Can Workshops Provide a Way to Enhance Patient/Client Centered Collaborative Teams?: Evidence of Outcomes from TEAMc Online Facilitator Training and Team Workshops

  • Carole Orchard University of Western Ontario
  • Susan Bursey Northeastern Ontario Stroke Network, Health Sciences North, Sudbury, Ontario
  • Linda Peterson Retired Epidemiologist
  • Susan Verrilli Northeastern Ontario Stroke Network, Health Sciences North, Sudbury, Ontario
Keywords: collaboration, collaborative teambuilding, interprofessional conflict, role clarification, socialization

Abstract

The movement towards collaborative interprofessional teamwork for improving patient care has sometimes been impeded by health providers who have a desire to work together, but are unsure how to move towards such models of care delivery. The situation can be complicated by some reluctance on the part of health care institutions to release staff from normal duties to participate in team building training. The purpose of this study was to report on a collaborative team building process supported by the hospital administration in northern Ontario, Canada, and to provide evaluation results for the Toolkit for Enhancing and Maintaining Team Collaboration (TEAMc) using measurements before the start, at the end of the workshop series and at eight months post-series. Participants were from two teams (Acute Care and Rehabilitation) in a northern Ontario, Canada, hospital. TEAMc was comprised of six, 3-hour workshops offered over six months in 2014/15. A total of 77 health providers completed the pre-intervention Interprofessional Socialization & Valuing Scale (ISVS) and the Assessment of Interprofessional Team Collaboration Scale (AITCS), 50 health providers completed the post-intervention instruments and 32 and at the eight month follow-up. The study found that TEAMc can result in changes in team members’ socialization towards wanting to participate in interprofessional teams and in the team’s ability to emulate interprofessional client-centered collaborative practice. The greatest learning gained by participants was around their role clarification and understanding of each other’s roles and expertise, as well as developing their capacity to use a process to resolve interprofessional conflicts.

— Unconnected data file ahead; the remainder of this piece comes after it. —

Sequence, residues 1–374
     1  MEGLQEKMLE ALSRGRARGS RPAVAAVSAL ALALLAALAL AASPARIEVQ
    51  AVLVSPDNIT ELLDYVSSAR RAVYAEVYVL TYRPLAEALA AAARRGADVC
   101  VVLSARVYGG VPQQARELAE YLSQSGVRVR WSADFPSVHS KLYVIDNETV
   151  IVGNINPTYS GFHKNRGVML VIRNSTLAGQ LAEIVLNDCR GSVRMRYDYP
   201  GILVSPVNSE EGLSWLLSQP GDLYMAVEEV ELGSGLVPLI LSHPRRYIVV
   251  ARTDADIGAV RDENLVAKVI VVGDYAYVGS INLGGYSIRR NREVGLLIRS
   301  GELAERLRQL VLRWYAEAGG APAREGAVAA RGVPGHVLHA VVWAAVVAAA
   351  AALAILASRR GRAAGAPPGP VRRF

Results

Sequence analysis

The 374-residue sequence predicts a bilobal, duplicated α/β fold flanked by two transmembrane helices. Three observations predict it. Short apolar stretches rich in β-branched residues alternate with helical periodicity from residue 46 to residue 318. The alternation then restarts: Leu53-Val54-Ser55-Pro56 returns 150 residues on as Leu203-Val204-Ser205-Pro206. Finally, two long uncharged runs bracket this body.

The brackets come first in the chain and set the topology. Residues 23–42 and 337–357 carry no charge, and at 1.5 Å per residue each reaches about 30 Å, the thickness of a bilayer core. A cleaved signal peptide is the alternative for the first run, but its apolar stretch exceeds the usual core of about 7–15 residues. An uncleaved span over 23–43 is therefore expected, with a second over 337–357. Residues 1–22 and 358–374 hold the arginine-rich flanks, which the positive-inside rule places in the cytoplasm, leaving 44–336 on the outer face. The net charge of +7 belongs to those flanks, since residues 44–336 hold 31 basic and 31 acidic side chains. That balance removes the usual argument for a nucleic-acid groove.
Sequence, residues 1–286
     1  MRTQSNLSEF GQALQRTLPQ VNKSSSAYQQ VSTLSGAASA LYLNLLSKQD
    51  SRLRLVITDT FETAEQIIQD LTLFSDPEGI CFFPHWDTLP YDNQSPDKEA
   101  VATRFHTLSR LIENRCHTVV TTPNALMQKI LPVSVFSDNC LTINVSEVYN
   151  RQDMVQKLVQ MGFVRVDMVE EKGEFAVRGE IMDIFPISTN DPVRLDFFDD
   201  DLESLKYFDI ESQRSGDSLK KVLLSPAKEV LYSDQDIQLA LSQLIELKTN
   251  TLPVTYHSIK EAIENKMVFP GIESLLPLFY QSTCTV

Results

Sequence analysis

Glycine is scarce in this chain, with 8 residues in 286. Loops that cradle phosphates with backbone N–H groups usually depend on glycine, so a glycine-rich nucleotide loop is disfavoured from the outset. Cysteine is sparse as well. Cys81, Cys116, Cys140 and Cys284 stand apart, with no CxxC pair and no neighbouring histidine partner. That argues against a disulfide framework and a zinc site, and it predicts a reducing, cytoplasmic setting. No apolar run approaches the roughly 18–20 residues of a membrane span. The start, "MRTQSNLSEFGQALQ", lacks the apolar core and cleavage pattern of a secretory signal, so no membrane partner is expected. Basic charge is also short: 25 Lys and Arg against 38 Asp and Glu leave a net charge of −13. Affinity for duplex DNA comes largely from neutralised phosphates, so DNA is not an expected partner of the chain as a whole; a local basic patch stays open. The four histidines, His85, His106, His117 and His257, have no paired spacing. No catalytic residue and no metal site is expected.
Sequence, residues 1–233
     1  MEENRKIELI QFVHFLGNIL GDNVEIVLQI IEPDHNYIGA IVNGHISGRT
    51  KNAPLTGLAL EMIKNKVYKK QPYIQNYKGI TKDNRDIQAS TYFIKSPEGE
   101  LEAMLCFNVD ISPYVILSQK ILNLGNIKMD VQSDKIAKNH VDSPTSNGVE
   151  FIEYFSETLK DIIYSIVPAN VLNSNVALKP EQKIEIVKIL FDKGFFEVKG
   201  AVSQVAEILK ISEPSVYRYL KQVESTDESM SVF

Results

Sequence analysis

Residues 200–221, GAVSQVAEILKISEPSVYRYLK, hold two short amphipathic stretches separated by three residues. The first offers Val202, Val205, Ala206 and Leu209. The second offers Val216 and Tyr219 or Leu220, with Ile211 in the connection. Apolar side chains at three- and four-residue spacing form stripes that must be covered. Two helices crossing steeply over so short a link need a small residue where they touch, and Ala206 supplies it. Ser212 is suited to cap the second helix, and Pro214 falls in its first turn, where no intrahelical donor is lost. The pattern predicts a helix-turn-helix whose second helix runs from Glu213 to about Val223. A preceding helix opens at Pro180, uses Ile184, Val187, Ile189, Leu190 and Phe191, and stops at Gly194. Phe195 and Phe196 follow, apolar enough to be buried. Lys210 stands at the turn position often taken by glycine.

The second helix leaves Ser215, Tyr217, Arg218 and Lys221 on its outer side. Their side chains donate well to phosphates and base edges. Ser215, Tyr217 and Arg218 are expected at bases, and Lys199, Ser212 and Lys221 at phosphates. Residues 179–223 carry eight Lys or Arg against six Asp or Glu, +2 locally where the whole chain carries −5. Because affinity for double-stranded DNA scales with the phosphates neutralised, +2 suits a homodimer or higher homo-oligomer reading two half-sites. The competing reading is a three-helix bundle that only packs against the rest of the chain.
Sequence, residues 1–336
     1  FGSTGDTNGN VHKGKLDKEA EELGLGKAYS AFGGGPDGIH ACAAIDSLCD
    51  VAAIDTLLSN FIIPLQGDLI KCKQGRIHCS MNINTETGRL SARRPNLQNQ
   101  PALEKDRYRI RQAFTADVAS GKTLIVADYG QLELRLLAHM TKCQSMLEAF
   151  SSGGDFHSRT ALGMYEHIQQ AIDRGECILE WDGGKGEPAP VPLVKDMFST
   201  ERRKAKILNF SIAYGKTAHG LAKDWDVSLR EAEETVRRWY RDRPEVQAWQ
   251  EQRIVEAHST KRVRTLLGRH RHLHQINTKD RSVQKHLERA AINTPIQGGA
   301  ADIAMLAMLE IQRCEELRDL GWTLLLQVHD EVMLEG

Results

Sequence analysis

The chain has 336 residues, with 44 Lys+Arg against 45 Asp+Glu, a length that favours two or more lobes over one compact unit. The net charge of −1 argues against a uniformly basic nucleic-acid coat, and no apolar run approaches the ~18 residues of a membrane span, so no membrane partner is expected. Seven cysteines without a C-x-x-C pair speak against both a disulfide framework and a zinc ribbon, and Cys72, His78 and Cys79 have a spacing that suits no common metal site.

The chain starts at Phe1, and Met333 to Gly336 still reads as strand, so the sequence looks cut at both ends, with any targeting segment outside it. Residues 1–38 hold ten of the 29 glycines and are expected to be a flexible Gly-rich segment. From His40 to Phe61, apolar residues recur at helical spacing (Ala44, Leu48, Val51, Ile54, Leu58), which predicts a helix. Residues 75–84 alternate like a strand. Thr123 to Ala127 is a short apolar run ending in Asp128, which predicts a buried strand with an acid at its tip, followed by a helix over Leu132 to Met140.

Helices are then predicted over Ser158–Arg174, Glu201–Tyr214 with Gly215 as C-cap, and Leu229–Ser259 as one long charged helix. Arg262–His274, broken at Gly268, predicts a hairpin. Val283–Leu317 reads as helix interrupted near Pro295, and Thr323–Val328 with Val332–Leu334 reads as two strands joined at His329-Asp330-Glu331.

Author Biographies

Carole Orchard, University of Western Ontario

Aruthur Labatt Family School of Nursing

Professor

and also Coordinator of Interprofessional Health Education & Research for University

Susan Bursey, Northeastern Ontario Stroke Network, Health Sciences North, Sudbury, Ontario
Regional Education Coordinator, Northeastern Ontario Stroke Network
Susan Verrilli, Northeastern Ontario Stroke Network, Health Sciences North, Sudbury, Ontario

Regional Community & Long TErm CAre Specialist

Northeast Ontario Storke Network

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Published
2016-12-15
How to Cite
Orchard, C., Bursey, S., Peterson, L., & Verrilli, S. (2016). Can Workshops Provide a Way to Enhance Patient/Client Centered Collaborative Teams?: Evidence of Outcomes from TEAMc Online Facilitator Training and Team Workshops. International Journal of Practice-Based Learning in Health and Social Care, 4(2), 73-87. https://doi.org/10.18552/ijpblhsc.v4i2.352